Jewish usurer Shylock loaned Christian merchant Antonio 3000 ducats, on condition he could cut out a pound of his flesh if he did not repay the debt on time. When the sum is due, Antonio is unable to pay, and Shylock, who gets ready to cut out the pound of flesh with a knife and thus murder his odious rival, cries:
My deeds upon my head! (IV, i, 202)
This is an allusion to Matthew 27:25, when the crowds of Jews call for Christ to be crucified, shouting:
His blood be on us, and on our children!
This Bible passage is a hotly disputed topic, as it has since time immemorial been interpreted by Christians in an anti-Semitic spirit; They believe the Jewish people cursed themselves by demanding Christ’s crucifixion, thereby carrying the guilt and passing it on to their descendants. The Jews were thus considered murderers of Christ; the Matthew 27:25 Bible passage was used as justification for pogroms and other anti-Semitic crimes carried out to punish them, and created a highly complex problem for Christian theologians, particularly after 1945 and the Holocaust. Shakespeare researchers find themselves in a similar predicament, because Shakespeare clearly presents the planned murder of the Christian, Antonio, by the bloodthirsty Jew, Shylock, as a re-enactment of Christ’s murder, i.e. as a Jewish crime. Shakespeare is thus accused of using anti-Semitic prejudices in his Merchant of Venice. Hatred of Jews was mainstream in Shakespeare’s era. Most audience members at the time believed that Jews kidnapped Christian children to torture them, crucify them, and use their blood for magic purposes (1); their idea of Jews thus corresponded to Shakespeare’s Shylock, who wanted to mutilate Antonio and was obviously also hell-bent on obtaining his blood, because Portia thwarts his plan by arguing that, according to the contract, he can take a pound of Antonio’s flesh, but not a drop of blood:
This bond doth give thee here no jot of blood, The words expressly are “a pound of flesh”: Take then thy bond, take thou thy pound of flesh, But in the cutting it, if thou dost shed One drop of Christian blood, thy lands and goods Are by the laws of Venice confiscate Unto the state of Venice (IV, I, 302 ff.)
Portia speaks expressly of Christian blood, thereby confirming the medieval prejudices still adopted by people in Elizabethan times.
We interpret Shylock’s call of “My deed upon my head!” as an expression of his subconscious desire to be sprinkled with the victim’s blood, and his intentions to mutilate and murder Antonio as a lapse into an archaic custom: that of blood sacrifice and human sacrifice. We can base these thoughts on Bible passages which imply that the blood of sacrificial animals and the blood that Christ, as a human sacrifice, spilt on the cross to redeem sinful humanity has an expiatory and blessing effect, following the tradition of ancient pre-Christian beliefs. An example of this can be seen in Exodus 24:8:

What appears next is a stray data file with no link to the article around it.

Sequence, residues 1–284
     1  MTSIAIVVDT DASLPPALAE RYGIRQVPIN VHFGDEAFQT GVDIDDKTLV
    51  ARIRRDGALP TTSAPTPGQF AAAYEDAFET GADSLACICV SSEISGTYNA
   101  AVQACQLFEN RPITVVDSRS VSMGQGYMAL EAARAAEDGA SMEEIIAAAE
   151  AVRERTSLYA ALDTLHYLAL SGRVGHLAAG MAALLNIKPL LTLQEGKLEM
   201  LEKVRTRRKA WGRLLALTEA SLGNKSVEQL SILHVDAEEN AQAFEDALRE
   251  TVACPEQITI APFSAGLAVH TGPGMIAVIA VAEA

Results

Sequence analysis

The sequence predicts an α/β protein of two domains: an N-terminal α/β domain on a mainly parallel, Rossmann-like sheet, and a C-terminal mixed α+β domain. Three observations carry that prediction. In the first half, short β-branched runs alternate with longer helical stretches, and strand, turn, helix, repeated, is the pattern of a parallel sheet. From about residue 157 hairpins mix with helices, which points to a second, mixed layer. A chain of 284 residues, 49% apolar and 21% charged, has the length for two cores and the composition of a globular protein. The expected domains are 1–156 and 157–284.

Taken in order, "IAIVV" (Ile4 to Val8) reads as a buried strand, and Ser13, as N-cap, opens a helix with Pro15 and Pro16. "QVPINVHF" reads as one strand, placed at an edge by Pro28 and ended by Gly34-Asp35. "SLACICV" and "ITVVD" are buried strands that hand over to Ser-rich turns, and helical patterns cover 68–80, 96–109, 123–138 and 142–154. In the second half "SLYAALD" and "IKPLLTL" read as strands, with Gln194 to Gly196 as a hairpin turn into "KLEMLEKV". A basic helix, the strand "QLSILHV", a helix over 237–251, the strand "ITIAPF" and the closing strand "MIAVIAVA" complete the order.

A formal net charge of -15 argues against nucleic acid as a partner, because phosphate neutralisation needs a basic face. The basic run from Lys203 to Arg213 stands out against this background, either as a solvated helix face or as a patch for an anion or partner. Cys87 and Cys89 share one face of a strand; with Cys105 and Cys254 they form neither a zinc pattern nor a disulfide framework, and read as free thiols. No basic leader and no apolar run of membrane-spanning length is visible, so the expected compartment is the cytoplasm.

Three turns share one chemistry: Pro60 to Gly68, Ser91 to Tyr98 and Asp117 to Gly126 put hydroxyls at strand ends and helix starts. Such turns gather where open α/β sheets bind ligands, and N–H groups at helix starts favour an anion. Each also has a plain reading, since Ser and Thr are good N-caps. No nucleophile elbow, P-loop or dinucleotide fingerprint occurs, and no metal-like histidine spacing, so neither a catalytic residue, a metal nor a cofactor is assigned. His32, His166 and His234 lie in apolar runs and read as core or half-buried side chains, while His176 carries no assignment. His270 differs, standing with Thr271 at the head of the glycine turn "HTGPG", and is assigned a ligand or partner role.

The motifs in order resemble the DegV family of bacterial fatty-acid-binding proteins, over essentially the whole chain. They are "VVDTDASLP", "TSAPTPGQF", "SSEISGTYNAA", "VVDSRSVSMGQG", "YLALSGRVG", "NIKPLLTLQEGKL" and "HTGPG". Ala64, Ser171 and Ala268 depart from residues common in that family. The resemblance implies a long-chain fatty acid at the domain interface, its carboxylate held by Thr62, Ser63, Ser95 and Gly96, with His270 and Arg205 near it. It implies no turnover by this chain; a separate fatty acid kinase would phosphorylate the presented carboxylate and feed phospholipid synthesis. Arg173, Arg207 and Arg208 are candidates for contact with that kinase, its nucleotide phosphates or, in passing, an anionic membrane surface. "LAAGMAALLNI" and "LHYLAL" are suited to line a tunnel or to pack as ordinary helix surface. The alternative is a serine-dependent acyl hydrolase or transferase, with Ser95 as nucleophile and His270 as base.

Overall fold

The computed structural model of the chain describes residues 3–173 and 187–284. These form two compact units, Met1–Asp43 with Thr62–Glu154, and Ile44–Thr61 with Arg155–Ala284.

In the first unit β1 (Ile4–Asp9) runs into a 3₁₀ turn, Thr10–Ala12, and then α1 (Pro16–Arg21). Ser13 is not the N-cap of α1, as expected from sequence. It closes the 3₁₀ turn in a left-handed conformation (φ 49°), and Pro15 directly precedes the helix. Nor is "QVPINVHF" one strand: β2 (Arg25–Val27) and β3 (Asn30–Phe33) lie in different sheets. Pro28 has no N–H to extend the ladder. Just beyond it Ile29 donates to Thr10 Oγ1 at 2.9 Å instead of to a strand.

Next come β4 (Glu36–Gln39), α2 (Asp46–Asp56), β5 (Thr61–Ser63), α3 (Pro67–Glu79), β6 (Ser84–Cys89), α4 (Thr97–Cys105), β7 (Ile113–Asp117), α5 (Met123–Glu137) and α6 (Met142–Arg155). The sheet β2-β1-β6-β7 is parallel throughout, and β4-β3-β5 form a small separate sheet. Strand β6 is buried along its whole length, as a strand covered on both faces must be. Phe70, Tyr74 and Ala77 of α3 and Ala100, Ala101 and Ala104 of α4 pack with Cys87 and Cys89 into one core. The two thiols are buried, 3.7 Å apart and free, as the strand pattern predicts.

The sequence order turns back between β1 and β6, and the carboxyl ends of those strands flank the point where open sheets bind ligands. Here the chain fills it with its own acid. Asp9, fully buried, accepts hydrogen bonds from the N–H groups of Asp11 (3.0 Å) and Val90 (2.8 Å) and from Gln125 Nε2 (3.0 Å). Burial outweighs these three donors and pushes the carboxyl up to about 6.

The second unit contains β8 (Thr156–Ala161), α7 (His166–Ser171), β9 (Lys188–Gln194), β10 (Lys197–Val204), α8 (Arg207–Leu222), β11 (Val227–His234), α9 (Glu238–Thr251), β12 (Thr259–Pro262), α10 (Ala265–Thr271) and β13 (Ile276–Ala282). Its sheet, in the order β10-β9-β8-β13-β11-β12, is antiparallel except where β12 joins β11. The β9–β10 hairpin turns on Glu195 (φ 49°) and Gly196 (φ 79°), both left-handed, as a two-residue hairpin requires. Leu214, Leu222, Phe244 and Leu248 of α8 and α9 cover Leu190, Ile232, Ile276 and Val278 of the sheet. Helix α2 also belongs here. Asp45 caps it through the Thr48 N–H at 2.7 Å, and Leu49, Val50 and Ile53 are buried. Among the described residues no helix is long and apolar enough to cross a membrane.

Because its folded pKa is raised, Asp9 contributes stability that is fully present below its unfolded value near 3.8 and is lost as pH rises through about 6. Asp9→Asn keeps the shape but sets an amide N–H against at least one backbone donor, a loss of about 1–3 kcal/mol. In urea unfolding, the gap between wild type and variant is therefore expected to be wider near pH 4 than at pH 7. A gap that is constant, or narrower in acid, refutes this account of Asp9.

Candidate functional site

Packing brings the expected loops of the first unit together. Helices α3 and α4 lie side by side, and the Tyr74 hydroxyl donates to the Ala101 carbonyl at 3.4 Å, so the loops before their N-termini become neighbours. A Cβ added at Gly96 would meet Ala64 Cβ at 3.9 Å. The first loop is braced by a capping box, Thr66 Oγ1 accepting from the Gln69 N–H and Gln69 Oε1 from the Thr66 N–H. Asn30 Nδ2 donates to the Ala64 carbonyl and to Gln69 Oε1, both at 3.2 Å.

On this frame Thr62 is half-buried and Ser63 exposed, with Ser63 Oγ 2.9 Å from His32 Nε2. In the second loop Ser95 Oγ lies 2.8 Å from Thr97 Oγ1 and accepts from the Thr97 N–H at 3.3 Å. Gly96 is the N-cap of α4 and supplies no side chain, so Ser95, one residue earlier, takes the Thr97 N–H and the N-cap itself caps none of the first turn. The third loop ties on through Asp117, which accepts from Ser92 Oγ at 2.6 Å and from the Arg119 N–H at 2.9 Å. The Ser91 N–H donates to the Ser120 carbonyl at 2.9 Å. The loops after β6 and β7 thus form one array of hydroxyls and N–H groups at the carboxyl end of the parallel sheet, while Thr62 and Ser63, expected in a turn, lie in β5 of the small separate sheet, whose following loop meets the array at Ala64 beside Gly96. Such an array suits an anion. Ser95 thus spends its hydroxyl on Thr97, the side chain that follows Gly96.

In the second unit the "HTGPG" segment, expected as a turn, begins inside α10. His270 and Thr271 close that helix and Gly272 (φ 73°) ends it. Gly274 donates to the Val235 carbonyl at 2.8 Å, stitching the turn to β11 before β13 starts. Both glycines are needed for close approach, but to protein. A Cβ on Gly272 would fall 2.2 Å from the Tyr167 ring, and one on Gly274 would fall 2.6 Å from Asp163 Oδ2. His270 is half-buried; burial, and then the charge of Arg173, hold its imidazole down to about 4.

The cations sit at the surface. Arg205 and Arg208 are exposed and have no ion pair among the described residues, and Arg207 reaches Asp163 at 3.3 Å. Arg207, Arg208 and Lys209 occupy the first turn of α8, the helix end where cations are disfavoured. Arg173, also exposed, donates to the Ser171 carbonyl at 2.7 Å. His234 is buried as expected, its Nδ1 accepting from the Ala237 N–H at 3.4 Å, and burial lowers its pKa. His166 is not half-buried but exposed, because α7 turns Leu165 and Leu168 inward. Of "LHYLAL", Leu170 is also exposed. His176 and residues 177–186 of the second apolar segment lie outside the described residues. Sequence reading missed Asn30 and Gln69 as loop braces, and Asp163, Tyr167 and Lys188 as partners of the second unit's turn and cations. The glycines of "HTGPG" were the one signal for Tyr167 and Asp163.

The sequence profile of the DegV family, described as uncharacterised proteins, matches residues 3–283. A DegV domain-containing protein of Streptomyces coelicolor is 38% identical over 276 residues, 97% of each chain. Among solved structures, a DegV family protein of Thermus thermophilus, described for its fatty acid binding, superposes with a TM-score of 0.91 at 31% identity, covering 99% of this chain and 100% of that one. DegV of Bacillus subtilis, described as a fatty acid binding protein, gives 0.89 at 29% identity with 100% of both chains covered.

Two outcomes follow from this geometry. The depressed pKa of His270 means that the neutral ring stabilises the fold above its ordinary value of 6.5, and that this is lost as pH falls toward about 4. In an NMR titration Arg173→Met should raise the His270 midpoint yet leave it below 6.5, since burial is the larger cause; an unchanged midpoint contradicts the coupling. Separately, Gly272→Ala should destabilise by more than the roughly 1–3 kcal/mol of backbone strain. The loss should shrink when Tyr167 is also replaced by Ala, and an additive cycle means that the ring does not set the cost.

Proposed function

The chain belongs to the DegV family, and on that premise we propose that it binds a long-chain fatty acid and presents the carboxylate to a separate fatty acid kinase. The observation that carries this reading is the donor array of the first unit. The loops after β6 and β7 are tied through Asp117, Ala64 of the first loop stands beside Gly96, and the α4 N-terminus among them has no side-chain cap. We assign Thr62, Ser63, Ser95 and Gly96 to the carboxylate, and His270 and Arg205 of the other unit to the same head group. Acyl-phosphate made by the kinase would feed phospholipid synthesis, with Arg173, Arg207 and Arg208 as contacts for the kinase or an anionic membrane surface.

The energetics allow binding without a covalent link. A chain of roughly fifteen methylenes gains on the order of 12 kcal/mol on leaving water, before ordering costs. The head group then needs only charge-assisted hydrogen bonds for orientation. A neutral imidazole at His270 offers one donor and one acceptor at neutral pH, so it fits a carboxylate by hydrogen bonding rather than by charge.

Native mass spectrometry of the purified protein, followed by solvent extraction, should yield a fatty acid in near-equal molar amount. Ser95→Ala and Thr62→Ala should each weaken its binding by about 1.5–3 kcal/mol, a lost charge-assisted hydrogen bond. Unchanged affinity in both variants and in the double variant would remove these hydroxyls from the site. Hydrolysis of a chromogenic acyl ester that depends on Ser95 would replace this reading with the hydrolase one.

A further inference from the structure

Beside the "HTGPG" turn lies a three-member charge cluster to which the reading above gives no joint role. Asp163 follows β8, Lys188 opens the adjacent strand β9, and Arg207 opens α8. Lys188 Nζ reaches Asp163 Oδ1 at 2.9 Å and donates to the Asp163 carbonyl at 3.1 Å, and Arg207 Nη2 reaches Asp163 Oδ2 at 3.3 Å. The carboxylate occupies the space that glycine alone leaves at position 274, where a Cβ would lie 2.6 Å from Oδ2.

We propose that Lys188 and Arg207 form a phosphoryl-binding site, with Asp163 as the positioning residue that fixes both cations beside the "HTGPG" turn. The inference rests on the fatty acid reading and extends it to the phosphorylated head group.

And Moses wrote all the words of the LORD, and rose up early in the morning, and builded an altar under the hill, and twelve pillars, according to the twelve tribes of Israel. And he sent young men of the children of Israel, which offered burnt offerings, and sacrificed peace offerings of oxen unto the LORD. And Moses took half of the blood, and put it in basons; and half of the blood he sprinkled on the altar. And he took the book of the covenant, and read in the audience of the people: and they said, All that the LORD hath said will we do, and be obedient. And Moses took the blood, and sprinkled it on the people, and said, Behold the blood of the covenant, which the LORD hath made with you concerning all these words.
Or Exodus 29:19 ff.:
And thou shalt take the other ram; and Aaron and his sons shall put their hands upon the head of the ram. Then shalt thou kill the ram, and take of his blood, and put it upon the tip of the right ear of Aaron, and upon the tip of the right ear of his sons, and upon the thumb of their right hand, and upon the great toe of their right foot, and sprinkle the blood upon the altar round about. And thou shalt take of the blood that is upon the altar, and of the anointing oil, and sprinkle it upon Aaron, and upon his garments, and upon his sons, and upon the garments of his sons with him: and he shall be hallowed, and his garments, and his sons, and his sons' garments with him.
This ritualistic atonement and blessing achieved by sprinkling the sacrificial blood also gives rise to the notion that the blood spilt by Christ during his crucifixion has a redemptive, cathartic power – see Letter to the Hebrews 9:13 ff.:
For if the blood of bulls and of goats, and the ashes of an heifer sprinkling the unclean, sanctifieth to the purifying of the flesh: How much more shall the blood of Christ, who through the eternal Spirit offered himself without spot to God, purge your conscience from dead works to serve the living God?
The preface to the First Epistle of Peter mentions this sprinkling of Jesus Christ’s blood as a privilege granted to those of the Christian faith:
Peter, an apostle of Jesus Christ, to the strangers scattered throughout Pontus, Galatia, Cappadocia, Asia, and Bithynia, Elect according to the foreknowledge of God the Father, through sanctification of the Spirit, unto obedience and sprinkling of the blood of Jesus Christ: Grace unto you, and peace, be multiplied.